*TIME: 8:00 a.m. PST July 29- Newsmaker Plenary***

*LOCATION: Manchester Grand Hyatt, Room TBA*

President Obama’s Remarks at Dorothy Height’s Funeral Service

From The White House Office of the Press Secretary

REMARKS BY THE PRESIDENT AT FUNERAL SERVICE FOR DR. DOROTHY HEIGHT

Washington National Cathedral, Washington, D.C.

THE PRESIDENT:  Please be seated.  Let me begin by saying a word to Dr. Dorothy Height’s sister, Ms. Aldridge.  To some, she was a mentor.  To all, she was a friend.  But to you, she was family, and my family offers yours our sympathy for your loss.

We are gathered here today to celebrate the life, and mourn the passing, of Dr. Dorothy Height.  It is fitting that we do so here, in our National Cathedral of Saint Peter and Saint Paul.  Here, in a place of great honor.  Here, in the House of God.  Surrounded by the love of family and of friends.  The love in this sanctuary is a testament to a life lived righteously; a life that lifted other lives; a life that changed this country for the better over the course of nearly one century here on Earth.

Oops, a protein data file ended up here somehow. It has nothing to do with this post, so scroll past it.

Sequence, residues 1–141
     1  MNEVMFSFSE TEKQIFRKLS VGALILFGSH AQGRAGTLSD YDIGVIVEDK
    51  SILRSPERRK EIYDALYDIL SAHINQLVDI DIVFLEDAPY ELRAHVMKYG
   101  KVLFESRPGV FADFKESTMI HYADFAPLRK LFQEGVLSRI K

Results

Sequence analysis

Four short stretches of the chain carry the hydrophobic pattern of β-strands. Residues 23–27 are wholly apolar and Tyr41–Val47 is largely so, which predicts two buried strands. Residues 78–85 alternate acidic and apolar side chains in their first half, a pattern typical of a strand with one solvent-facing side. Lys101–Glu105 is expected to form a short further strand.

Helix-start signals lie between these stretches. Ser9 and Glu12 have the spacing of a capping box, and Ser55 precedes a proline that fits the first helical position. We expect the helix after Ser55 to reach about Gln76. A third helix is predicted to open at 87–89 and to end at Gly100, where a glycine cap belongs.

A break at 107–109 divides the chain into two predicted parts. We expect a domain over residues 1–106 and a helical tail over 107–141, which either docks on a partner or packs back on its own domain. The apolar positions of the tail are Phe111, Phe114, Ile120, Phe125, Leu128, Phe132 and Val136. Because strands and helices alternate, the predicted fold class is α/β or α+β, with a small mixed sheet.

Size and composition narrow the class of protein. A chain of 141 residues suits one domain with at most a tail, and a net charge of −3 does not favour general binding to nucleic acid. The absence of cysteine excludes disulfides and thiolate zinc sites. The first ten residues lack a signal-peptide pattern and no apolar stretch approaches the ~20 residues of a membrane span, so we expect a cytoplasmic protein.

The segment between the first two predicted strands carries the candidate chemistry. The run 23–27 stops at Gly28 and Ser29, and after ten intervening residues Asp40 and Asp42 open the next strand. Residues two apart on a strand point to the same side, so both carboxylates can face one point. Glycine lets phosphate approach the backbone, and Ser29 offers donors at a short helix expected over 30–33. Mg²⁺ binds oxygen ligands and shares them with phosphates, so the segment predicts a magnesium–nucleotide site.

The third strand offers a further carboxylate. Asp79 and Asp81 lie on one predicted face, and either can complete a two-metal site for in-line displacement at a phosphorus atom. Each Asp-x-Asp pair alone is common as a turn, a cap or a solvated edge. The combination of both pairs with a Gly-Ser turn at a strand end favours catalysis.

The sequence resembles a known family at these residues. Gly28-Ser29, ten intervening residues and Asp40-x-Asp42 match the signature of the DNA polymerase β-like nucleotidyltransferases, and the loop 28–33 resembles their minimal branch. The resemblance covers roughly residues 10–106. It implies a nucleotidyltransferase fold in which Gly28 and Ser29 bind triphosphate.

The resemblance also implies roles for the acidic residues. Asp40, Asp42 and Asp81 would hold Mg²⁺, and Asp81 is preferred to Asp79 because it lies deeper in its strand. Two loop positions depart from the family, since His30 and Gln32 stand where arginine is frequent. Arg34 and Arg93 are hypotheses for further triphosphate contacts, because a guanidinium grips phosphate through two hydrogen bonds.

Michelle and I didn’t know Dr. Height as well, or as long, as many of you.  We were reminded during a previous moment in the service, when you have a nephew who’s 88 — (laughter) — you’ve lived a full life.  (Applause.)

But we did come to know her in the early days of my campaign.  And we came to love her, as so many loved her.  We came to love her stories.  And we loved her smile.  And we loved those hats — (laughter) — that she wore like a crown — regal.  In the White House, she was a regular.  She came by not once, not twice — 21 times she stopped by the White House.  (Laughter and applause.)  Took part in our discussions around health care reform in her final months.